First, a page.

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The Pitt's Act

After the Regulating Act of 1773 to regulate the affairs of the Company in India, the second important step taken by the British Parliament was the appointment of a Board of Control under Pitt's India Bill of 1784. It provided for a joint government of the Company (represented by the Directors), and the Crown (represented by the Board of Control).

A Board of six members was constituted with two members of the British Cabinet and four of the Privy Council. One of who was the President and who soon became, in effect, the minister for the affairs of the East India Company. The Board had all the powers and control over all the acts and operations, which related to the civil, military and revenues of the Company.

The Council was reduced to three members and the Governor-General was empowered to overrule the majority. The Governors of Bombay and Madras were also deprived of their independent powers. Calcutta was given greater powers in matters of war, revenue, and diplomacy, thus becoming in effect the capital of Company possessions in India.

By a supplementary the Bill passed in 1786, Lord Cornwallis was appointed as the first Governor-General, and he then became the effective ruler of British India under the authority of the Board of Control and the Court of Directors. The constitution set up by the Pitt's India Act did not undergo any major changes during the existence of the Company's rule in India.

The Charter Act of 1813 abolished the trading activities of the Company and henceforth became purely an administrative body under the Crown. Thereafter, with few exceptions, the Governor-General and the Council could make all the laws and regulations for people (Indians and British).

The salient features relating to the governance of the kingdom of Bengal were:

  1. There shall be a Board of Control consisting of maximum six parliamentarians headed by a senior cabinet member to direct, superintend and control the affairs of the company's territorial possessions in the East Indies.


  2. The Court of Directors shall establish a Secret Committee to work as a link between the Board and the Court.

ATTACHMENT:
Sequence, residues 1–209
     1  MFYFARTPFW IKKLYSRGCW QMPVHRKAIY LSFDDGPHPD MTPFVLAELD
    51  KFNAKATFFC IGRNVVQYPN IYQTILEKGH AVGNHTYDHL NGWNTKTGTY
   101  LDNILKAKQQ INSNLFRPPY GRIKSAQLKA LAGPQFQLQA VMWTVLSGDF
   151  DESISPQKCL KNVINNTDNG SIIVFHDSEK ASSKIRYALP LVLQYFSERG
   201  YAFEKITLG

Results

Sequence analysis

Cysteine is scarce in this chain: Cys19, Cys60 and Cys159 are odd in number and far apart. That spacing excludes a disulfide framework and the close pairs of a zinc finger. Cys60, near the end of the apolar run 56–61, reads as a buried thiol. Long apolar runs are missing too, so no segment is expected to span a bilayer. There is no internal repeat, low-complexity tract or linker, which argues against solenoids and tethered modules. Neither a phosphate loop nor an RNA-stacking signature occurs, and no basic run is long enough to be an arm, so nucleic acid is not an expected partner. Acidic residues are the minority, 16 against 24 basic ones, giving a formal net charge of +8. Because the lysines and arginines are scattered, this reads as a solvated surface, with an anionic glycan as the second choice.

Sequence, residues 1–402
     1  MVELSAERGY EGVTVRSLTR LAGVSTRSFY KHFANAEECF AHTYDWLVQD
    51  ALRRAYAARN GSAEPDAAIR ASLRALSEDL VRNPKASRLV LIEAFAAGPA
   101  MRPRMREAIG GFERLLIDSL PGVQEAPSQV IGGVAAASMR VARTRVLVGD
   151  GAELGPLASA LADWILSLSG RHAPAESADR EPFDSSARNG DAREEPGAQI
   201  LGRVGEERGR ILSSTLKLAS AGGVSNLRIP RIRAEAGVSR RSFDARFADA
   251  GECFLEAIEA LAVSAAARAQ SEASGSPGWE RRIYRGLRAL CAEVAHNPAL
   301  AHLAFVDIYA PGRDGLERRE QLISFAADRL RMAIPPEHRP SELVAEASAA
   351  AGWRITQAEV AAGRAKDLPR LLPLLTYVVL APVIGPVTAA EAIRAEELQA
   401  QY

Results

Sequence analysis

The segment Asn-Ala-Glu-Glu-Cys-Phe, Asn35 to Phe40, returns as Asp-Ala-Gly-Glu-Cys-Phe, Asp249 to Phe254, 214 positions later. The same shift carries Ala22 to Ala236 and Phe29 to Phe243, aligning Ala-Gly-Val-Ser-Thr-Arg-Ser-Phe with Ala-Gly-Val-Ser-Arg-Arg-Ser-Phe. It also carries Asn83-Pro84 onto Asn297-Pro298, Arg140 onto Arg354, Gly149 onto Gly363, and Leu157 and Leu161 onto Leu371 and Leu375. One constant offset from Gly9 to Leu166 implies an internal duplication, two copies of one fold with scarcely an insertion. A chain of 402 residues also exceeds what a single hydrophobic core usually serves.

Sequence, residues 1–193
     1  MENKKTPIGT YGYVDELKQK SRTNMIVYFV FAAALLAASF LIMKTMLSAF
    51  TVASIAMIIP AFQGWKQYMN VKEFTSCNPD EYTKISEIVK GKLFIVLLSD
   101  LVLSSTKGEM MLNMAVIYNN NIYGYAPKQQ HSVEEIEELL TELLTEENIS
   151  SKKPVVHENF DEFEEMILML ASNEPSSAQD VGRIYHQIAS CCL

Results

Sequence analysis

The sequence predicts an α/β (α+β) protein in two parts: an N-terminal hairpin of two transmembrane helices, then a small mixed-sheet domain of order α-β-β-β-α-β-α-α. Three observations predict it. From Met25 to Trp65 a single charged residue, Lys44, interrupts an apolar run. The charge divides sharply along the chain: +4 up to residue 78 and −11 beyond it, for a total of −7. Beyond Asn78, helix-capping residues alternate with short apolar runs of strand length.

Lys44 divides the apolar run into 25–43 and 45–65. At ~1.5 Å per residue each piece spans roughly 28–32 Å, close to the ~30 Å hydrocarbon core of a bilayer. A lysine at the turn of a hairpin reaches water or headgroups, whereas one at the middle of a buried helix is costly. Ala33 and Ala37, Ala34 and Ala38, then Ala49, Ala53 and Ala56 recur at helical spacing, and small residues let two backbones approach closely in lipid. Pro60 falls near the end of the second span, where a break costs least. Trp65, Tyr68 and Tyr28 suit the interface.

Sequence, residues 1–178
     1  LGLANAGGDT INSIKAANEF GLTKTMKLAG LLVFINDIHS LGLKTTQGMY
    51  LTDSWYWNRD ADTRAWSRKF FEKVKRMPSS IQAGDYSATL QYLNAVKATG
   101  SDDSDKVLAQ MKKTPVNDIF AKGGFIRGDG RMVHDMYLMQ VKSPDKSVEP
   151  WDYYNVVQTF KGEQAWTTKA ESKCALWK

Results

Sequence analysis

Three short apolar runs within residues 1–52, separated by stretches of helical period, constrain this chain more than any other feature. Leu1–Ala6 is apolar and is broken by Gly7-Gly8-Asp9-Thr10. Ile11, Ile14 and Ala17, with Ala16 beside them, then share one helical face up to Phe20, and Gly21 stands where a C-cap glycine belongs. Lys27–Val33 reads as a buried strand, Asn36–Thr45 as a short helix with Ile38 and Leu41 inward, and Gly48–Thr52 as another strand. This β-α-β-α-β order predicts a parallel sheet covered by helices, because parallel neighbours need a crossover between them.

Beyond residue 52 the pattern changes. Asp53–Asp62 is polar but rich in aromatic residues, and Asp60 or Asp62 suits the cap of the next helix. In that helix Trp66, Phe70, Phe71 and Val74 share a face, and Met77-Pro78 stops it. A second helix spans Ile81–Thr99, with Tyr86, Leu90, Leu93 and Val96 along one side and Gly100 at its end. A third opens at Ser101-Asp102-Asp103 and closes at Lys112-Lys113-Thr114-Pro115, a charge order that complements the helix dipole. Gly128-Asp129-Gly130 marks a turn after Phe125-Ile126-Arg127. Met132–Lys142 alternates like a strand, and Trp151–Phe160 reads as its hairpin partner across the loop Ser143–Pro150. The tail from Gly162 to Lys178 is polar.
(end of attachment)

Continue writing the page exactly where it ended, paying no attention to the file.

3. The Governor General's council shall consist of three members one of whom shall be the commander-in-chief of the King's army in India. In case the members present in a meeting of the council shall any time be equally divided in opinion, the Governor General shall have two votes (one his own and another casting vote).


  4. The government must stop further experiments in the revenue administration and proceed to make a permanent settlement with zamindars at moderate rate of revenue demand. The government must establish permanent judicial and administrative systems for the governance of the new kingdom.


  5. All civilians and military officers must provide the Court of Directors a full inventory of their property in India and in Britain within two months of their joining their posts.


  6. Severe punishment including confiscation of property, dismissal and jail, shall be inflicted on any civilian or military officer found guilty of corruption.


  7. Receiving gifts, rewards, presents in kind or cash from the rajas, zamindars and other Indians are strictly prohibited and people found guilty of these offences shall be tried charged with corruption.

Parliament directly appointed Lord charles cornwallis to implement the Act. Immediately after his joining as Governor General in 1786, Cornwallis embarked upon the responsibility of reform works reposed on him by parliament. In 1793 he completed his mission. He introduced permanent settlement, announced a judicial code, established administrative and police systems and then left for home in the same year.

Nine Unknown Men

Nine Unknown Men are a two millennia-old secret society founded by the Indian Emperor Asoka.